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How to double the speed of server-side JavaScript

Thursday, July 8, 2010

If you're like me, you were probably thrilled to see JavaScript support come bundled into JDK/JRE 6. But if you're using that implementation straight out of the box, you can do far better for execution speed. The trick? Get the Rhino JAR (js.jar) directly from Mozilla and include it in your classpath. Don't use the built-in Rhino support in JDK/JRE 6. It's too slow.

I first noticed the speed difference between regular Rhino and JDK Rhino back in February when I was testing a script that manipulates images. (See my blog post, "Voronoi tessellation in linear time.") In one situation, I found that running my script using the JRE's interpreter took two full minutes, whereas the same script finished in six seconds when I used js.jar.

I decided to follow up on this by running a couple of (highly unscientific) tests. In one case, I came up with a script designed to test the interpreter's speed at handling numeric operations. In another case, I wrote a script designed to test string handling and memory management. The results were revealing.

To test numerical efficiency, I implemented one of Euler's remarkable expansion series for calculating pi. Euler famously found that if you summed the squares of the reciprocals of all positive integers, the result asymptotically approaches pi-squared-over-6:

The JavaScript implementation looks like this:

function pi(terms) {





return Math.sqrt(6*sum);


I ran a number of trials with each interpreter, using values for terms of 200000, 400000, 600000, 800000, and 1000000. The graph below shows the results (with execution time plotted vertically; the scale ranges from zero to 1800 milliseconds).

Numerical efficiency test. Vertical axis represents execution time.

Notice that the JRE starts out slower and execution time rises faster than with Rhino (that is, the red line has a steeper slope).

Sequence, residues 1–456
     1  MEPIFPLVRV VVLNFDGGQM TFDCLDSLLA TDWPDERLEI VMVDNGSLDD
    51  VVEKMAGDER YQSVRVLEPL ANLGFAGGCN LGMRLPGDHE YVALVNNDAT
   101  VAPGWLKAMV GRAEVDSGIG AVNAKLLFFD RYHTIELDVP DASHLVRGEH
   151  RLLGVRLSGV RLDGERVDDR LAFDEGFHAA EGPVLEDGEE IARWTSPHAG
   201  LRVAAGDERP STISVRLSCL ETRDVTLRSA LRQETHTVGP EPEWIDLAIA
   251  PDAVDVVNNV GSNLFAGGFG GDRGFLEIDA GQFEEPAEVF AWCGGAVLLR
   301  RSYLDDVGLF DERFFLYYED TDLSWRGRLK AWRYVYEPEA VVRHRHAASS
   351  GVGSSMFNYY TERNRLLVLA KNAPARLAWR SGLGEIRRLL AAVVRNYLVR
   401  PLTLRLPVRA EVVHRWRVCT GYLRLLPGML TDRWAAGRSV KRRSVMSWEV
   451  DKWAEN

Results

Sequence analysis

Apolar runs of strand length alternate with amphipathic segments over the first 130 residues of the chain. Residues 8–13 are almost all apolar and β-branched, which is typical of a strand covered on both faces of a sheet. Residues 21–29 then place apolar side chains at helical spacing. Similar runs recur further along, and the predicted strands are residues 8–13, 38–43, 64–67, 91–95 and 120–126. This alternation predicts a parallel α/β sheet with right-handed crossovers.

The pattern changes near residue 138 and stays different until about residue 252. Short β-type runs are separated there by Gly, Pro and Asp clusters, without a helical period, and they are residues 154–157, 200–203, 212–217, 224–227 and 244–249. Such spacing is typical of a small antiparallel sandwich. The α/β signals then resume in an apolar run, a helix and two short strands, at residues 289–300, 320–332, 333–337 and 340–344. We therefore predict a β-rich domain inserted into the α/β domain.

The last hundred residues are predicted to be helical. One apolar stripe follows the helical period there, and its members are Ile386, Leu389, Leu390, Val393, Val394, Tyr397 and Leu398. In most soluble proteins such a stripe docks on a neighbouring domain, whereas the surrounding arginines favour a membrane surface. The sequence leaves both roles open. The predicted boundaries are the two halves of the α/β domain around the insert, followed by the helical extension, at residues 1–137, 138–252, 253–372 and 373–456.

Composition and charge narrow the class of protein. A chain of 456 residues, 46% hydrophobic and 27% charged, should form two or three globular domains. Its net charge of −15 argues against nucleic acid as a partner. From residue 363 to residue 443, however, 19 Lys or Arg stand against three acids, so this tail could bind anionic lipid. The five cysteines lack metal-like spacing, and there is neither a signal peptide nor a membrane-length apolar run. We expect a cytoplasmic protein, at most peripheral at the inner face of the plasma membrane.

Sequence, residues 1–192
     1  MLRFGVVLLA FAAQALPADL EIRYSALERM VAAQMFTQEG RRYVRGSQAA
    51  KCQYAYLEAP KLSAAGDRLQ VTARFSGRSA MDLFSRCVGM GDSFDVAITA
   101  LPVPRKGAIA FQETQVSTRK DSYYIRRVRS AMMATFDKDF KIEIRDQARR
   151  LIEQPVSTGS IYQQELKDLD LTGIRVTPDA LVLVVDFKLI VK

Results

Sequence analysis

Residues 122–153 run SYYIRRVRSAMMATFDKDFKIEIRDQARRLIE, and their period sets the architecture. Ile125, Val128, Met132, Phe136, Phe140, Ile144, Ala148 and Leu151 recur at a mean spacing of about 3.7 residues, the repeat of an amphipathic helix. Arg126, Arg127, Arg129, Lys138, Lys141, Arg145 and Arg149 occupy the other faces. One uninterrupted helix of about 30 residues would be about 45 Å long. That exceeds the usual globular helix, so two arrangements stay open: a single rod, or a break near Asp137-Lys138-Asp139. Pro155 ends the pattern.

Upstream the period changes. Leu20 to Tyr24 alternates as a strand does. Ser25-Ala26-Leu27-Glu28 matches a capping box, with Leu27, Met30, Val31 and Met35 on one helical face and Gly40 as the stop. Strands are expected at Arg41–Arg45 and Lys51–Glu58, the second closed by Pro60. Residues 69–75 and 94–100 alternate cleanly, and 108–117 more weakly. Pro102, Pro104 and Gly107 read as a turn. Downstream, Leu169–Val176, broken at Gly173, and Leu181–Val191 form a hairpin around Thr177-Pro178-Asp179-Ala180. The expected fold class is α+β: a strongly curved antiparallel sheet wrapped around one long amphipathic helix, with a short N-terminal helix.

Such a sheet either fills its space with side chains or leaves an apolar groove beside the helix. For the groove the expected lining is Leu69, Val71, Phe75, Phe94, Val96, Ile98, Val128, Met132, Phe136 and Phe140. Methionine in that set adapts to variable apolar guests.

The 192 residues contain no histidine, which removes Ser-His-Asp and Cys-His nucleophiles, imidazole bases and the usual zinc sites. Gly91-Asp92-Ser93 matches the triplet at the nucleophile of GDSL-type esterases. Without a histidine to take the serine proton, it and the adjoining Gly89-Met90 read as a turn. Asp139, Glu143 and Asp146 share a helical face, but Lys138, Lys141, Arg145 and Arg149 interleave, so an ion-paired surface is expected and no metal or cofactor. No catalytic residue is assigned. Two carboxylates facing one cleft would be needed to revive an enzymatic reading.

Incidentally, with a million terms, the function produces a value of 3.141592605841622 for pi. (Not bad -- off by only a few parts per hundred million -- but the series doesn't converge quickly enough to be of practical use on modern computers.)

The second test is designed to test string handling and memory management in a kludgy combined fashion. (Folks, this isn't meant to be highly scientific. It's all SWAG.) The code looks like this:

function strings( iterations ) {




str += str;




This bit of silliness grows a string by concatenating it with itself over and over again, then repeatedly splits the string into an array of characters and rejoins the array to form a string again. If you pass in an iterations value of 20, you'll make the string double in size 20 times, crashing any known version of Rhino with an OOME. Thus, I tested with values of 12 to 17. Execution time topped out at 5047 millisec for the JRE and 2634 ms for Rhino.

Again notice that the red curve starts out higher and rises at a steeper slope.

(BTW, if you want to see the raw data for these graphs, just inspect the URLs for the images; these are Google Chart dynamic images and the raw numbers are in the URLs.)

I'll say it once more: This is not intended to be a highly scientific set of tests. I believe it to be representative of reality, though, and the reality is, bare-naked Rhino is significantly faster than embedded-in-the-JRE Rhino. You can do whatever you want; I've seen enough data and I've made my decision. Bare-naked is the way to go.

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